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About the Supreme Court

Supreme Court Background:
"The judicial Power of the United States, shall be vested in one supreme Court, and in such inferior Courts as the Congress may from time to time ordain and establish." The Judiciary Act of 1789 created a Supreme Court with six justices and the lower federal court system.

The Justices:
Over the years, Congress has changed the number of seats on the Supreme Court, from five to a high of ten. Today, there is one Chief Justice and eight Associate Justices of the United States Supreme Court. Like all federal judges, justices are appointed by the President and are confirmed by the Senate. They typically hold office for life.

The Court's Jurisdiction:
The Supreme Court has original jurisdiction over cases such as suits between two or more states and suits involving ambassadors and other public ministers. The Court has appellate jurisdiction (the Court can hear the case on appeal) on almost any other case that involves a point of constitutional and/or federal law.

Cases:
When considering appeals, the Court, with a few exceptions, does not have to hear a case. The Supreme Court agrees to hear about 100-150 of the more than 7,000 cases that it is asked to review each year.

Judicial Review:
The best-known power of the Supreme Court is judicial review, or the ability of the Court to declare a Legislative or Executive act in violation of the Constitution.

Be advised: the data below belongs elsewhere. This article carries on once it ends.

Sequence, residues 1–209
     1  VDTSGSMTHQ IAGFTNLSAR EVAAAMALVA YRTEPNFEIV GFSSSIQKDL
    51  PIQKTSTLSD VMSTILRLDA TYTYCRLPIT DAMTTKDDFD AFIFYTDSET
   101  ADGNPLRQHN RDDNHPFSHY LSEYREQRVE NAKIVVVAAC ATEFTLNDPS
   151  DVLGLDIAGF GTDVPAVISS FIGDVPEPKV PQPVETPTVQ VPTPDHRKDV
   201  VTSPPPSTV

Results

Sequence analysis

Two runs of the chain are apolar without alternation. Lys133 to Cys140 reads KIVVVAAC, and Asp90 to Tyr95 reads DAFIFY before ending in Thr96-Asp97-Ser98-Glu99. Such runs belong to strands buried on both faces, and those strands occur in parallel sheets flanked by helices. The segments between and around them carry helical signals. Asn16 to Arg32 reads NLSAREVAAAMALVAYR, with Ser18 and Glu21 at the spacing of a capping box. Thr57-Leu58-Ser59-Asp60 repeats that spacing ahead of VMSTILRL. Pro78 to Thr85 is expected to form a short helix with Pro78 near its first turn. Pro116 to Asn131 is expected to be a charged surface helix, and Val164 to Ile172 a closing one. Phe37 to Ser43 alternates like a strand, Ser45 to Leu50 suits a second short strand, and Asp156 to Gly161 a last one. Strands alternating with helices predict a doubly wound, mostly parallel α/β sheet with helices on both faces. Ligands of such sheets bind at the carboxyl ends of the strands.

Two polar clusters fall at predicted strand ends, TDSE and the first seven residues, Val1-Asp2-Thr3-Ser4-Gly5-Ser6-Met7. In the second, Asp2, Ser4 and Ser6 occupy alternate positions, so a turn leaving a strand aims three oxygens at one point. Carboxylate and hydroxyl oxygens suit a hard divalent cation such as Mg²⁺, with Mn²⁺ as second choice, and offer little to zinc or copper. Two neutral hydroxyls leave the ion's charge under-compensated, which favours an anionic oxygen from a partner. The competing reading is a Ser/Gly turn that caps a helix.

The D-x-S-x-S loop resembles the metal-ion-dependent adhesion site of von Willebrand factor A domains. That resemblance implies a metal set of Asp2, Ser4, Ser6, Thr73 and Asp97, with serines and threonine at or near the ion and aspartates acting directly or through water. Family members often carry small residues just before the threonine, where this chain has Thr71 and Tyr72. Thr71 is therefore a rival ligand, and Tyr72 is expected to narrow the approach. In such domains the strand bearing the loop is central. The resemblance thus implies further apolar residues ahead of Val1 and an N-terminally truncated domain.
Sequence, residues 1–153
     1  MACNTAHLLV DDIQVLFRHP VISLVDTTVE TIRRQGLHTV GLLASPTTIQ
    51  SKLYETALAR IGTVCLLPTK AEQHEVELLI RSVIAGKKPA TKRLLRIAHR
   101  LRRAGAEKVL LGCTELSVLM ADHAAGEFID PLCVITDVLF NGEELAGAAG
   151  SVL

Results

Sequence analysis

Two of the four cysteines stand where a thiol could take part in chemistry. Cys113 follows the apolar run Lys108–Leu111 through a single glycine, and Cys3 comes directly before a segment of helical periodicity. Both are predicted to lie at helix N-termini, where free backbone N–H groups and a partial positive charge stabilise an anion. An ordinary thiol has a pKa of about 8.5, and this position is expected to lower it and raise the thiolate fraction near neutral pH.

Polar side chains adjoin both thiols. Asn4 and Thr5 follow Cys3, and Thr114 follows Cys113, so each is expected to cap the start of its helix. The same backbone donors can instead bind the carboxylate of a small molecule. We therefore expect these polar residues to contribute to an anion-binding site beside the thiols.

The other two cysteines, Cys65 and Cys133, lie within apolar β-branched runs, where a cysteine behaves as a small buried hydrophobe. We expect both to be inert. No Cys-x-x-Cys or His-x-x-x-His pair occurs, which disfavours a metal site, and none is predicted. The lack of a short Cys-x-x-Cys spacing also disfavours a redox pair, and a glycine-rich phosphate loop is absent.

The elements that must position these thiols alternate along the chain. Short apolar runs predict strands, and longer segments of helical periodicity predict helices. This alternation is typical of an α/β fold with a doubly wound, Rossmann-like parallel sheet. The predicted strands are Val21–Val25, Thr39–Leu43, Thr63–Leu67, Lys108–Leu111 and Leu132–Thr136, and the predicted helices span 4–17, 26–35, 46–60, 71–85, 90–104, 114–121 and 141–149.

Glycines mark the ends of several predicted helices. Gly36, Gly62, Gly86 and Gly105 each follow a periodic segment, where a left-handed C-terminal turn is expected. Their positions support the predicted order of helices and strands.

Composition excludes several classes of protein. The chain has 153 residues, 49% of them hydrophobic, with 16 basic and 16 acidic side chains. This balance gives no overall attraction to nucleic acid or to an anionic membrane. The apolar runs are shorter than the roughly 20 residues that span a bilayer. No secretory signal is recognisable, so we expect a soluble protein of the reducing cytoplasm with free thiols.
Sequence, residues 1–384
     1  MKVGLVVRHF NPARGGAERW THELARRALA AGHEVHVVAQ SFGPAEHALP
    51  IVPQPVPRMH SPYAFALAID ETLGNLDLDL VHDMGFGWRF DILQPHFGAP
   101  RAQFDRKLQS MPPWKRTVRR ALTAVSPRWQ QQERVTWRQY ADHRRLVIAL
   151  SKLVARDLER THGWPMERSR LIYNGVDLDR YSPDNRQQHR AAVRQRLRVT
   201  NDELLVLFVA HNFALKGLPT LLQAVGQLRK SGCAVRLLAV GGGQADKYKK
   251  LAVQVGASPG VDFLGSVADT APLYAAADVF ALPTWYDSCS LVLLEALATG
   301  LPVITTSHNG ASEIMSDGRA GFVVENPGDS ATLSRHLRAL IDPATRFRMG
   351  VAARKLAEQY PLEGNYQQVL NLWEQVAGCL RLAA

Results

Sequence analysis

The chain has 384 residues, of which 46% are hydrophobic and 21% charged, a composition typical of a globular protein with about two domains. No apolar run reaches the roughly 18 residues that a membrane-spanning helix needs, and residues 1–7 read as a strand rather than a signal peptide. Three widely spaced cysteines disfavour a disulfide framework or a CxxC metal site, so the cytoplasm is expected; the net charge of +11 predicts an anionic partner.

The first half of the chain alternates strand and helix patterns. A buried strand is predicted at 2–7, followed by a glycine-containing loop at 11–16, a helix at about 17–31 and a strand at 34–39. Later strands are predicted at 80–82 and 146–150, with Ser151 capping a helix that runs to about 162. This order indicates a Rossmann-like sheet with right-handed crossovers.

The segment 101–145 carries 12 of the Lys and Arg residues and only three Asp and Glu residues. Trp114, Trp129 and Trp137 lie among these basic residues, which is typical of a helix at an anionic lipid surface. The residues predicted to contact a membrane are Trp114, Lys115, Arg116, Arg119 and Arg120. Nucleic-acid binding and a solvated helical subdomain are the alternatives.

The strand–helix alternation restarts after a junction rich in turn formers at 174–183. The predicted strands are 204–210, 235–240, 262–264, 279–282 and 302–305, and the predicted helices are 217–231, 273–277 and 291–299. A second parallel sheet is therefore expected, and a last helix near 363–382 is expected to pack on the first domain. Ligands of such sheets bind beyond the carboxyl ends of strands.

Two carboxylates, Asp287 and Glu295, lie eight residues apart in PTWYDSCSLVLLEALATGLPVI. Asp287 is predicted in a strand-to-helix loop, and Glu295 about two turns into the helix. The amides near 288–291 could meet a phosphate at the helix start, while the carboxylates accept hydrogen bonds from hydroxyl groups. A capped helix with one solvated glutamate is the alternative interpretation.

The Court can strike down state laws found to be in violation of the Constitution.

The Supreme Court’s rulings apply to the states as well. The Court has the final say over when a right is protected by the Constitution or when a Constitutional right is violated.

Role:
As the highest court in the land, the Supreme Court is the last resort for those looking for justice. Due to its power of judicial review, it plays an essential role in ensuring that each branch of government recognizes the limits of its own power. It protects civil rights and liberties by striking down laws that go against the Constitution. It sets appropriate limits on democratic government by ensuring that popular majorities cannot pass laws that harm and/or take undue advantage of unpopular minorities.

In essence, the Supreme Court ensures that the changing views of a majority do not undermine the fundamental values common to all Americans, such as freedom of speech, freedom of religion, and due process of law.

Impact:
The decisions of the Supreme Court have an important impact on society at large, not just on lawyers and judges. The decisions of the Court have a profound impact on high school students.


Source: About the Supreme Court
Administrative Office of the U.S. Courts

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